Tuesday, July 10, 2012

Windows Time Sync Changes in 2008 Server

There has been changes in the way you configure the Windows Time Hierarchy in Windows Vista, Windows 7, Windows Server 2008 and Windows Server 2008 R2.  In previous versions of the Windows Operating system such as XP and 2003 you configured your computers Windows Time Service to synchronise with a Simple Network Time Protocol (SNTP) service by using the following command:

net time \\computername /setsntp:sntpserveraddress

In the later versions of Windows starting from Windows Vista onwards, you configure your Windows Time Service to synchronise from a simple network time protocol using the following command:

w32tm /config /update /manualpeerlist:ntpservername /reliable /syncfromflags:all

For example I utilise the free NTP time service which is redundant and accessible from anywhere in the world, pool.ntp.org.  To configure a computer to synchronise with the internet time source pool.ntp.org you would run the following command:

w32tm /config /update /manualpeerlist:pool.ntp.org /reliable /syncfromflags:all

Note: Microsoft also has a NTP server running under time.windows.com which you can synchronise with for free.
Once you have configured your computer to synchronise with an SNTP server, your computer will synchronise time with that server by default every week at 1am on Sunday.  This is controlled by a scheduled task built into Windows Task Scheduler.

It is possible to manually change this schedule by modifying the SynchronizeTime scheduled task.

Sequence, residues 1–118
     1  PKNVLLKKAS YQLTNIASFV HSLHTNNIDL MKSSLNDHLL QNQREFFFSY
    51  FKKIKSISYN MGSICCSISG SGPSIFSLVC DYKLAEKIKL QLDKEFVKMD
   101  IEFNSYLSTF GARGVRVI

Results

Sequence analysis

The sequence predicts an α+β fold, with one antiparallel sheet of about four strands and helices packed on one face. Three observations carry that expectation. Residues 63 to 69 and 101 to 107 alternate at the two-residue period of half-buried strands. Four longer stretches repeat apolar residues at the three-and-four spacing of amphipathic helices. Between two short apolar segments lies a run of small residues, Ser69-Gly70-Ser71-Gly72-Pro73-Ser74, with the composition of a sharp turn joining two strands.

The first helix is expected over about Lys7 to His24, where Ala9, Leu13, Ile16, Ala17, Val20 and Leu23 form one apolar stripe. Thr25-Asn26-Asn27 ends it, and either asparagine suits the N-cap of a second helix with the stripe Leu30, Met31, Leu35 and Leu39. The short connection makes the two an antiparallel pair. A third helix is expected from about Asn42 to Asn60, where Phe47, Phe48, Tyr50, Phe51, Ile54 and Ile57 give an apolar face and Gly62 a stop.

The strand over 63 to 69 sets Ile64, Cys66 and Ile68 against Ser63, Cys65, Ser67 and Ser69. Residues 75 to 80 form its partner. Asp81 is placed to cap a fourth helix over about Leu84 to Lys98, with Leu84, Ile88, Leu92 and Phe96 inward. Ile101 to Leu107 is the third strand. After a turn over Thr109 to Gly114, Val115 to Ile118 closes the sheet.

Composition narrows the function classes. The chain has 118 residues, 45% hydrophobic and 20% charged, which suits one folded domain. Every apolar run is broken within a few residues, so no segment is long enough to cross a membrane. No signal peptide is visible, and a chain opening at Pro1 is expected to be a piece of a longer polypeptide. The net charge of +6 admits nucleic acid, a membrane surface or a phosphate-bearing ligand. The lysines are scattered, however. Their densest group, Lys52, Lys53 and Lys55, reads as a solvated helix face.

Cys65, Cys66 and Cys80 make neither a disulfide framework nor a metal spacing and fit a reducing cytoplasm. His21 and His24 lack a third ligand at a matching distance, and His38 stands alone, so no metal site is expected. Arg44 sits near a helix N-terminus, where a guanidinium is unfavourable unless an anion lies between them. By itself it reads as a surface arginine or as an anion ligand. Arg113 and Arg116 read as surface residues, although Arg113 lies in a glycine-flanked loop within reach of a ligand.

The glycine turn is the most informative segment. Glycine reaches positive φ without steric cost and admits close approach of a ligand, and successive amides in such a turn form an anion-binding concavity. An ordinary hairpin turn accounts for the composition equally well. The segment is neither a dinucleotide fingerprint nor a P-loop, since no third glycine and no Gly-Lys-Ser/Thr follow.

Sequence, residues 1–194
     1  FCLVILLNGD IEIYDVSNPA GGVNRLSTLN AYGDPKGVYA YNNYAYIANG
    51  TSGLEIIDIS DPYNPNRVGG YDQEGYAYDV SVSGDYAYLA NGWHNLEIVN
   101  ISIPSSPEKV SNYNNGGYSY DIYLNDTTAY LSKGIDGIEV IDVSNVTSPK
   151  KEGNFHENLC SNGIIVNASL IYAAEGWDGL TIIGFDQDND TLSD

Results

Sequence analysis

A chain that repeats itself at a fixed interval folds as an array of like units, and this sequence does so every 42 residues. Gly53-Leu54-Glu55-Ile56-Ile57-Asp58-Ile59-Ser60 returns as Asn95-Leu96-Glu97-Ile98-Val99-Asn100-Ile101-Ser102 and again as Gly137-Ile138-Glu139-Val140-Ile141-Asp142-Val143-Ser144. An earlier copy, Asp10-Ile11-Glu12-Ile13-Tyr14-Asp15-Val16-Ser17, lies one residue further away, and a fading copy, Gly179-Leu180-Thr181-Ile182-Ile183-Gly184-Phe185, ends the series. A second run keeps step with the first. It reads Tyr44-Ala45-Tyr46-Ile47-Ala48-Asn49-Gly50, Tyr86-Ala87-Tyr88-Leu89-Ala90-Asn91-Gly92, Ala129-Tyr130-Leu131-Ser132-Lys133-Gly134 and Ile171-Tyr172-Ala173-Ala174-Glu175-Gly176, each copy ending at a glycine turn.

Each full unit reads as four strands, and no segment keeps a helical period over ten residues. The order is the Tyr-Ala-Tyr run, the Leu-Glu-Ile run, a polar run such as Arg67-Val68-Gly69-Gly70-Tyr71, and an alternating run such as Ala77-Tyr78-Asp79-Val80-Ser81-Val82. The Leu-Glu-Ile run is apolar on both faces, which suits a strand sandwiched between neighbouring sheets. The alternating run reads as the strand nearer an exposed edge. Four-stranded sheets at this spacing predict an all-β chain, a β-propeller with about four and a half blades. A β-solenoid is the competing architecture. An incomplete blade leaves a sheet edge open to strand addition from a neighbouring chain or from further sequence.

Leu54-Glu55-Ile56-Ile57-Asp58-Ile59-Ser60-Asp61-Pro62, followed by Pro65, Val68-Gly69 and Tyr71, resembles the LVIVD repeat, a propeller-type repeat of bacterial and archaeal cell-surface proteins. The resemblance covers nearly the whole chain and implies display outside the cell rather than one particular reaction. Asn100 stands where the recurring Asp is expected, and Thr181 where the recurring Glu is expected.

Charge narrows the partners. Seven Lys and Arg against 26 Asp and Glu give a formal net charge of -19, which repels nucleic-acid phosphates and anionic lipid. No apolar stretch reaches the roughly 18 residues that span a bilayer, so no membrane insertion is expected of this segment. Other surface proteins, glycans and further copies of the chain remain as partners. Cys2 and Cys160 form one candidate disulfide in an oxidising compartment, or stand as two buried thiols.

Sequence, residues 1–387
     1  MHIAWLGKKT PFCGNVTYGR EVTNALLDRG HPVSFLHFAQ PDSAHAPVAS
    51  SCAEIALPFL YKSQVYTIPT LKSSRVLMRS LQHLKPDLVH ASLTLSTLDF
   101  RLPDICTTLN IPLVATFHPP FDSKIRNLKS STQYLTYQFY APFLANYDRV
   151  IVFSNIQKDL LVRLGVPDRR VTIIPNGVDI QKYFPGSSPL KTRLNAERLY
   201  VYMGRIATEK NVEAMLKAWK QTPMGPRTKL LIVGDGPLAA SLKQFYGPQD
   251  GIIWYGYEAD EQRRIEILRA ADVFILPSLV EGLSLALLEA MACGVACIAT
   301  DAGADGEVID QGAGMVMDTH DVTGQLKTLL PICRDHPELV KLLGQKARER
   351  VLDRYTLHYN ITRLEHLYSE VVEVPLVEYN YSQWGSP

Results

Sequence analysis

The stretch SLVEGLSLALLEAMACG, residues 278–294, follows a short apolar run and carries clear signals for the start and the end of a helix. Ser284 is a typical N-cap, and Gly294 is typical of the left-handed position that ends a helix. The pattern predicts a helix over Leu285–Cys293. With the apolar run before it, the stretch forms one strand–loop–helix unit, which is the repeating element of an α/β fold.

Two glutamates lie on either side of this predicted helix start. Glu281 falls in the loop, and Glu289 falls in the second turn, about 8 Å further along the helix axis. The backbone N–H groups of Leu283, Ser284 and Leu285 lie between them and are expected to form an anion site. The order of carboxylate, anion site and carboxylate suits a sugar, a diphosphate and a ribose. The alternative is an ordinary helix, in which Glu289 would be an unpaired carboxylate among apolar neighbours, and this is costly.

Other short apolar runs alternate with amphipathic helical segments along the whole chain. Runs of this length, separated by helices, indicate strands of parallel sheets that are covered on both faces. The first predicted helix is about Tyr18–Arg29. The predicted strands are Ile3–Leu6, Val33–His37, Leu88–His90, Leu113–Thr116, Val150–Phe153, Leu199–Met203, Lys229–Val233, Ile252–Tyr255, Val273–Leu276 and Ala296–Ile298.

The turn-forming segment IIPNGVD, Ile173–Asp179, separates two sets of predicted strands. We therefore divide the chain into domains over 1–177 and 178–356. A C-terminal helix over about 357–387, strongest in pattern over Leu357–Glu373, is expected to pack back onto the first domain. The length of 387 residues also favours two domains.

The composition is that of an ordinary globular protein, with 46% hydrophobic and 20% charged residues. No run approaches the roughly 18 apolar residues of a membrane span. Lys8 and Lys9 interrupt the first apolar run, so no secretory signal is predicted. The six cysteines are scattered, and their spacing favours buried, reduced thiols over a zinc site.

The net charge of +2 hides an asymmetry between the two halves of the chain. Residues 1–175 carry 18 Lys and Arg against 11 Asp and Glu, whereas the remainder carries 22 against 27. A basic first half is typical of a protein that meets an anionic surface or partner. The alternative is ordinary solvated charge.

If you want to perform a manual time sync, this can be done by executing the following command:

w32tm /resync

After executing this command from a command prompt running with elevated rights "Run as administrator" you can verify that it synchronised successfully by checking the windows system logs in Event Viewer.  The source of the log entry is from Kernel-General.

For those of you whos computer/server is a member of an Active Directory domain, do not manually configure your computer to synchronise from an external time source.  The only computer that should be configured to synchronise to an external time source in an Active Directory environment is the server running the PDC emulator role in the forest root domain.  All other domain controllers including those in child domains synchronise up the Windows Time Hierarchy.

The following diagram taken from TechNet provides a high level illistration of how time synchronisation works in an Active Directory environment.

Time synchronisation is critical in an Active Directory environment due to the Kerberos authentication time offset of 5 minutes.

If you are a Windows Administrator and are responsible for maintaining an Active Directory environment, it is very important to understand how the Windows Time Hierarchy works.  If you are new to this I recommend you read the following TechNet article for additional information.



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